A.V. Club Most Read

News Newswire Great Job, Internet!
TV Club All Reviews What's On Tonight
Video All Video A.V. Undercover A.V. Cocktail Club Film Club
Reviews All Reviews Film TV Music Books
Features All Features TV Review Newswire
Sections Film Tv Music Food Comedy Books Games Aux
Our Company About Us Contact Advertise Privacy Policy Careers RSS
Onion Inc. Sites The Onion The A.V. Club ClickHole Onion Studios

How To Destroy Angels: Welcome Oblivion


How To Destroy Angels

Album: Welcome Oblivion
Label: Columbia

Community Grade (13 Users)

  • A
  • A-
  • B+
  • B
  • B-
  • C+
  • C
  • C-
  • D+
  • D
  • D-
  • F

Your Grade


No matter what Trent Reznor does—scores a bestselling videogame, wins an Oscar, forms a new band with his wife—he’ll never completely shake Nine Inch Nails. The ghost of his recently off-hiatus group haunts every one of his non-NIN projects, from his soundtrack work with filmmaker David Fincher to the theme song he wrote and performed for Call Of Duty: Black Ops II to How To Destroy Angels, the band he put together with spouse Mariqueen Maandig, longtime collaborator Atticus Ross, and art director Rob Sheridan.

Welcome Oblivion, How To Destroy Angels’ debut album, follows a pair of EPs that attempted to distance Reznor from his past. But it’s not like he strayed too far from the electronic-industrial wastelands that made Nine Inch Nails one of the ’90s’ most influential bands. Both 2010’s self-titled free-download EP and 2012’s An Omen built slightly menacing art out of various blips and beeps. Basically, they sounded like Nine Inch Nails records with a female singer.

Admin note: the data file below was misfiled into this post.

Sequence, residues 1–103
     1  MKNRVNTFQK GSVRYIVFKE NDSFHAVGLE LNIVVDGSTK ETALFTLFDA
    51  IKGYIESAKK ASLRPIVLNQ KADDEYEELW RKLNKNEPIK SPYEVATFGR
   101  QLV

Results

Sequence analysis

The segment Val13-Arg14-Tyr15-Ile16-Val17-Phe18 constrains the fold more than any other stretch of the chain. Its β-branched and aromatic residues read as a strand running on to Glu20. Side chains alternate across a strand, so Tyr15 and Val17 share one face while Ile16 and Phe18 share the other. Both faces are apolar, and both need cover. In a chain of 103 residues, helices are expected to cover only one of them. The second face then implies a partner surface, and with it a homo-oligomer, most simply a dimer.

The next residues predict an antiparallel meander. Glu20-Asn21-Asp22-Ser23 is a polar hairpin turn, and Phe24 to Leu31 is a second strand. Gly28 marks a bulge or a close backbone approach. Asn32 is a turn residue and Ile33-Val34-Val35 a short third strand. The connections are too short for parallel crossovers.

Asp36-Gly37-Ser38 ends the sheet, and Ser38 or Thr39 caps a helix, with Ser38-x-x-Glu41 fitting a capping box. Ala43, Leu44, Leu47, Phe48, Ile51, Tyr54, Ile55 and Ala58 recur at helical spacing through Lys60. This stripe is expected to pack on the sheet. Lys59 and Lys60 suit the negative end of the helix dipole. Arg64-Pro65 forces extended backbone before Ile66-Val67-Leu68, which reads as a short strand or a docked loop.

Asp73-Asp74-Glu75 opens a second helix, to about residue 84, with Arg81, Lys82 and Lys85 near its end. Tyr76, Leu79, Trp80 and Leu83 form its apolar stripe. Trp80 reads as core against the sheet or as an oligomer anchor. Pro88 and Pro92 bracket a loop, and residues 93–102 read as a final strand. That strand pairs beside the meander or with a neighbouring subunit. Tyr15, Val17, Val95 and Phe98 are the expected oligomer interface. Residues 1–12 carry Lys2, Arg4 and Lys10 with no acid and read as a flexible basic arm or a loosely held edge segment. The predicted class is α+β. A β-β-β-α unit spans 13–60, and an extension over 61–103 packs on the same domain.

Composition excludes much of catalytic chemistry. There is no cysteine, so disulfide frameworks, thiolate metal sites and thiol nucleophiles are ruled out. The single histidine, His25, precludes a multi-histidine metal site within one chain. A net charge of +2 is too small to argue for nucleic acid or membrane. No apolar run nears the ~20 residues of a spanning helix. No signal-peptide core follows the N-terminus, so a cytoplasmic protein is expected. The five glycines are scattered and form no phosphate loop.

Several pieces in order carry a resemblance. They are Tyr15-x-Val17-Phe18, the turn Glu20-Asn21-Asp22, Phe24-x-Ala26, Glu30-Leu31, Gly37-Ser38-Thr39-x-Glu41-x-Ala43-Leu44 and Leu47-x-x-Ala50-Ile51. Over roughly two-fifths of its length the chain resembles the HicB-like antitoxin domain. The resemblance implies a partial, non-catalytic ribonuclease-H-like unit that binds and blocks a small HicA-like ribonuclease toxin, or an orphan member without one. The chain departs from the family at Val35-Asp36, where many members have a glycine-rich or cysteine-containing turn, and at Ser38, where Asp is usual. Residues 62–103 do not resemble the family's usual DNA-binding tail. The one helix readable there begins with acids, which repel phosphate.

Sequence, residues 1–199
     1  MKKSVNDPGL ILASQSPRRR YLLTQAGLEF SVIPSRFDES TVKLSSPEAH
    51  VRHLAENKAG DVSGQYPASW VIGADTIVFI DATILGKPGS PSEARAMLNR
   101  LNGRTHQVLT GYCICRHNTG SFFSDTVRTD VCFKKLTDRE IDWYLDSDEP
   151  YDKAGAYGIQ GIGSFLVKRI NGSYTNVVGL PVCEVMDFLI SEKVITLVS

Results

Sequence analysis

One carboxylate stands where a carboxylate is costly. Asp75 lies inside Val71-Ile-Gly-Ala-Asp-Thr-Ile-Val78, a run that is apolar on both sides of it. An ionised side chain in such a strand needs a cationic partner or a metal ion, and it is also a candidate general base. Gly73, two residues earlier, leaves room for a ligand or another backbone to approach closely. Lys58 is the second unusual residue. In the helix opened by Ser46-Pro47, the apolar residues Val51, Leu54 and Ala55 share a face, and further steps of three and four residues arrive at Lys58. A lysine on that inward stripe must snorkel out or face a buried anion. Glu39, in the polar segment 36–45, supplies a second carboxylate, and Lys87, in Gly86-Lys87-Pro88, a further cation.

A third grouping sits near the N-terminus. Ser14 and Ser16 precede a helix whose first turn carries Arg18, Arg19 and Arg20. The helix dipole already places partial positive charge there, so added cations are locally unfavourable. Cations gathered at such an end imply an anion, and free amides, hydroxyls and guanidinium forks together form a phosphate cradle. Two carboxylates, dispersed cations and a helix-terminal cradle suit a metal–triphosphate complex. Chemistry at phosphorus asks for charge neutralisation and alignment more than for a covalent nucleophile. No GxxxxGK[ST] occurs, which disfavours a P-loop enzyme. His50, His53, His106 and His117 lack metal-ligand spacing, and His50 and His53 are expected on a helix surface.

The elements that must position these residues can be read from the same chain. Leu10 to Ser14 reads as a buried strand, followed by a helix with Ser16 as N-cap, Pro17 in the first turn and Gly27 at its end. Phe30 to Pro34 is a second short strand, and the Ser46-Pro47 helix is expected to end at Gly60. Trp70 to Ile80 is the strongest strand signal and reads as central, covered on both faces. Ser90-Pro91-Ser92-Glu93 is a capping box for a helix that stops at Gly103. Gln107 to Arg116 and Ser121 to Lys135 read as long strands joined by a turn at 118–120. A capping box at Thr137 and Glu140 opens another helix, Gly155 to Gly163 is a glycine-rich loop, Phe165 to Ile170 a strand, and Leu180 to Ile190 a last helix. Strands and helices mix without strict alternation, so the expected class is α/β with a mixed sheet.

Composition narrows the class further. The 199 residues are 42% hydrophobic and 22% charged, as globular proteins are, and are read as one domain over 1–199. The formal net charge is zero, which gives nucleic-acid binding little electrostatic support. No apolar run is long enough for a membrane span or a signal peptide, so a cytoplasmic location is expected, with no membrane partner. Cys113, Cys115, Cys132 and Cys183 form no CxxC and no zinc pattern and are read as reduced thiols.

Four of An Omen’s half-dozen tracks show up on Welcome Oblivion, nestled comfortably within the corridors of the whirring, rattling, humming machine work. Reznor still manages to extract melody and an occasional hook from all the noise—a trait that goes all the way back to Nine Inch Nails’ first album. The stripped-down and bubbling “Ice Age” is welcoming in ways that NIN never was, and the slow-build intensity of the semi-instrumental “The Loop Closes” sounds like it was scooped up from The Downward Spiral’s editing-room floor.  

But the album’s landscape is mostly littered with bits and pieces of scattered NIN-style electronic debris, like that found on the brief, abrasive opener “The Wake-Up” and the skittering “And The Sky Began To Scream.” Maandig softens the space previously occupied by Reznor’s howls, here tamed to occasional backing growls. Her breathy, often sultry coos add cloudlike tranquility to the hard rain spilling around her. It makes How To Destroy Angels’ music more outgoing and less exciting than Nine Inch Nails’. It also makes Reznor’s clean break all the more impossible to achieve.